File photo by ADVOCATE staff Red Deer County firefighters extinguishing a barn fire north of Red Deer in 2014.

Gated property owners should plan for emergency access, say rural fire departments

More rural property owners opting for heavy-duty gates

Rural crime fears have led more homeowners to protect their property with gates.

However, keeping criminals at bay can also hinder emergency services responding to a fire or health emergency.

This week, Lacombe County Fire Chief Drayton Bussiere encouraged homeowners with gates to do some pre-planning to ensure first responders are not unnecessarily delayed.

“We encourage anyone with a gate to make a plan which allows fire trucks, ambulances and other emergency vehicles to access their property,” he said.

Bussiere said his message was not prompted by any specific cases where firefighters had to get through a locked gate.

“It really was just some observation we were making that gates were being more popular. I was just trying to be proactive in the sense that we want to get people thinking about these things.”

Depending on the gate, there are a number of options. Some gates will open automatically when the fire alarm goes off, or can be opened remotely by the owner when notified of a problem at their home.

Lock boxes, which have been used on commercial buildings for years, are another possible option.

Red Deer County Deputy Fire Chief Travis Allred said they have already planned for the possibility that first responders could run up against locked gates — including more elaborate barriers than the fence gates with a chain and padlock that were common in the past.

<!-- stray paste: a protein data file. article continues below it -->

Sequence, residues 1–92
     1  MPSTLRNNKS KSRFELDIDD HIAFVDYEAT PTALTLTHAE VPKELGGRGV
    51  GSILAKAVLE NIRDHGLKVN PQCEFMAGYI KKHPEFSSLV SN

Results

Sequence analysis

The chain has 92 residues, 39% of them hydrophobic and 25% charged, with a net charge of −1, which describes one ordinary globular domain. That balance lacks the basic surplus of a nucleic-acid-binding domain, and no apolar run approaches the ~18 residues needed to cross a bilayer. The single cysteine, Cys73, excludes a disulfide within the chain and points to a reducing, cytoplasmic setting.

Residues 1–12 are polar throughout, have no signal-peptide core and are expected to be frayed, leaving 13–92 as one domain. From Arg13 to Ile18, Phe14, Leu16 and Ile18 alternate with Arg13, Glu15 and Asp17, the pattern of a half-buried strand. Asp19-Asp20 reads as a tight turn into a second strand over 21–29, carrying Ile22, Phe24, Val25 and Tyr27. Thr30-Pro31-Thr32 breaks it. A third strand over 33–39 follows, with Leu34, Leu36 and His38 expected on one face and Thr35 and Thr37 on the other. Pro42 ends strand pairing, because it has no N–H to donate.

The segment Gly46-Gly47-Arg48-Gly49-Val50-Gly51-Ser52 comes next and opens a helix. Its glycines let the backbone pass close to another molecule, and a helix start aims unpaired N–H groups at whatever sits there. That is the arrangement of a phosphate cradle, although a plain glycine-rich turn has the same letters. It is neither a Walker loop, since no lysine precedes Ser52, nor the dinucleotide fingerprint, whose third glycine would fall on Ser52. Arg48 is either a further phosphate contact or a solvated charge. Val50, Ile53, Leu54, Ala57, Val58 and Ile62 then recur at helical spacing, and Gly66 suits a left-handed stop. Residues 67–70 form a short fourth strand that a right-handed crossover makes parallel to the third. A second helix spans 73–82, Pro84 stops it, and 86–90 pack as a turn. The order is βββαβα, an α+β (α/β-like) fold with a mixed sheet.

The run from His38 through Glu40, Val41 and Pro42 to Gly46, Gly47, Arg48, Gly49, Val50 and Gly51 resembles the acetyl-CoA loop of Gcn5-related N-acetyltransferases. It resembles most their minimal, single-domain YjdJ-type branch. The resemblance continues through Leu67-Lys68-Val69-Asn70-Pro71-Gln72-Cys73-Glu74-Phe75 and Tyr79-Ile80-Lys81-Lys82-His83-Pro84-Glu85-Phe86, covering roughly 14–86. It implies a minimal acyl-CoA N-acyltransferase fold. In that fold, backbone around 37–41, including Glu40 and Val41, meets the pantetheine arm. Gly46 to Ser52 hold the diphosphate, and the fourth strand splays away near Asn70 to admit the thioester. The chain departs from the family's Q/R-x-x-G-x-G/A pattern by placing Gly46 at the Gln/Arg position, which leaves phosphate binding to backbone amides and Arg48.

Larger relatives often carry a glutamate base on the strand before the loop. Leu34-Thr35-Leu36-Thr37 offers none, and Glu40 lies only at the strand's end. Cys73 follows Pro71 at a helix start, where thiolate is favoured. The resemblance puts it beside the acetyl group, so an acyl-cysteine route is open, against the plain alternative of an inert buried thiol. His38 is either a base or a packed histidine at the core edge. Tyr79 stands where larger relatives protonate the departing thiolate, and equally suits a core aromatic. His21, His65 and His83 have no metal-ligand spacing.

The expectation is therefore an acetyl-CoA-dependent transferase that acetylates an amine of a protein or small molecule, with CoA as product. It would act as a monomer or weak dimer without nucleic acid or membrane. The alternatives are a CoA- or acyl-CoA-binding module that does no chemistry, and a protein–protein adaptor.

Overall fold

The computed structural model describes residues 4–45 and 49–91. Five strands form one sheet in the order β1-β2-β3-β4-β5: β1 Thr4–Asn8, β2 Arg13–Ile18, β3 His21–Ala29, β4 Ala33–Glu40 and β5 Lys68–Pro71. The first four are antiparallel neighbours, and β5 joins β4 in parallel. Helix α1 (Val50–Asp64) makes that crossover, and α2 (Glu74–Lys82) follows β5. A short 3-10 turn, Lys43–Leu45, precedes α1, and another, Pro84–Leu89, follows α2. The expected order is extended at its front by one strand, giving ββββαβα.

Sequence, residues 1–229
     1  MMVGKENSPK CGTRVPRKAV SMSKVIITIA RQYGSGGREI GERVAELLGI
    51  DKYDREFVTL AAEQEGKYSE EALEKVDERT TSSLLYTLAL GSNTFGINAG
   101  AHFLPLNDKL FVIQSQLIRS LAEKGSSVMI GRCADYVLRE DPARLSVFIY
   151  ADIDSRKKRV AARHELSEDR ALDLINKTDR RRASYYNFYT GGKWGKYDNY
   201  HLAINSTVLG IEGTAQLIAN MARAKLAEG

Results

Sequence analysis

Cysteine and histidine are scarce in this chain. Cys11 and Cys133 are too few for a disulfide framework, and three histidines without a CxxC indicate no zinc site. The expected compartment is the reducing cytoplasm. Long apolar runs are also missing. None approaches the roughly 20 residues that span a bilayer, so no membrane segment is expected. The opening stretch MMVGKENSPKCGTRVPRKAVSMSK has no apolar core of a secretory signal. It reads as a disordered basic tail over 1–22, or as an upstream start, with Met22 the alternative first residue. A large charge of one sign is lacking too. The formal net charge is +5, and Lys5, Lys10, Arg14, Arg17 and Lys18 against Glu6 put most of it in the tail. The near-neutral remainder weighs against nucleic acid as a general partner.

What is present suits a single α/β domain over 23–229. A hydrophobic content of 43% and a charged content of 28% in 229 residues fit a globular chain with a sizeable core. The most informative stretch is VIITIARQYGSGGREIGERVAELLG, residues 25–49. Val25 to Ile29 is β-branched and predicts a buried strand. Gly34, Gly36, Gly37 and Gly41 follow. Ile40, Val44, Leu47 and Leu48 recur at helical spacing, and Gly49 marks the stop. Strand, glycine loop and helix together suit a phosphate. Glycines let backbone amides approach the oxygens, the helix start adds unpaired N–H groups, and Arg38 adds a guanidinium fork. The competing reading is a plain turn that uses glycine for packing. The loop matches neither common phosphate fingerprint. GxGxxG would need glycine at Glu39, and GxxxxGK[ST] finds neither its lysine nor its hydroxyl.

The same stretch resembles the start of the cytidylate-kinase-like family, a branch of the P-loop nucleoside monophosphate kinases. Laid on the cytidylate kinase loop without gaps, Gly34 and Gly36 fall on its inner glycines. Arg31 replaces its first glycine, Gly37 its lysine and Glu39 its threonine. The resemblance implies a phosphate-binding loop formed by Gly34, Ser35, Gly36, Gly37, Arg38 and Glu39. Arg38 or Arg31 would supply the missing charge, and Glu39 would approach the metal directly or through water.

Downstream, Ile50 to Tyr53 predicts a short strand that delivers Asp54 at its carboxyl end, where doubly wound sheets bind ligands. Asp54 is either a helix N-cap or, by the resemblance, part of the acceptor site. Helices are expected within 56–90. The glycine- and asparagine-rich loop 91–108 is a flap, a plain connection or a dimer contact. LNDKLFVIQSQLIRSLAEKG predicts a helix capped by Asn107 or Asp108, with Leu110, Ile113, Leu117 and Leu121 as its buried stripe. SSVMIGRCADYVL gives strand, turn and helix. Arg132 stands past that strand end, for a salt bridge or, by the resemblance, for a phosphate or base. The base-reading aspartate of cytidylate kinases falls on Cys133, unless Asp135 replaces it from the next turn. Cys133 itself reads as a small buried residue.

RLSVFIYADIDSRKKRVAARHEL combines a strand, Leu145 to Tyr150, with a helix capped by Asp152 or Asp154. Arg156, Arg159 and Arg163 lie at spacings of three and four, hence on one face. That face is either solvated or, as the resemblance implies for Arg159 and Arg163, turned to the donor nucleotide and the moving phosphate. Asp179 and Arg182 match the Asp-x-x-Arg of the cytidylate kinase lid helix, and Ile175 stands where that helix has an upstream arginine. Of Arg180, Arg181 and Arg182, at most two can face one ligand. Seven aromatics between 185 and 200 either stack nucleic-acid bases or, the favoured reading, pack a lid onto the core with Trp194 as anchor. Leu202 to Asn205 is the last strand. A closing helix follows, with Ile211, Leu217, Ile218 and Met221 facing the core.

“We get calls occasional about this. I think it is getting more common for people to gate their communities or residences,” said Allred.

“On a fairly frequent basis, we get people asking for advice.”

Rest assured, in an emergency, firefighters will not let a gate stop them from doing their job, both Bussiere and Allred emphasized.

“We have encountered these gates in the past and we were able to bypass the gates and get into the properties,” said Allred.

“The fact of the matter is, we will get in.”

Allred did not want to go into too much detail about how they go about that, so as not to offer tips to potential thieves. But firefighters have plenty of tools on their trucks to get through gates if they have to.

Taking a run at a gate with a fire truck is more Hollywood than reality, and would not happen, he said.

“We have the tools, we have the means, to gain access to things.”

Allred said the fire department does not collect codes or keys for individual properties, because it would be impractical and difficult to keep up to date. But having a trusted neighbour with information on how to get in can be useful, he said.

“The very best thing people can do is pre-planning by contacting the fire department and getting the information on what we would need.”

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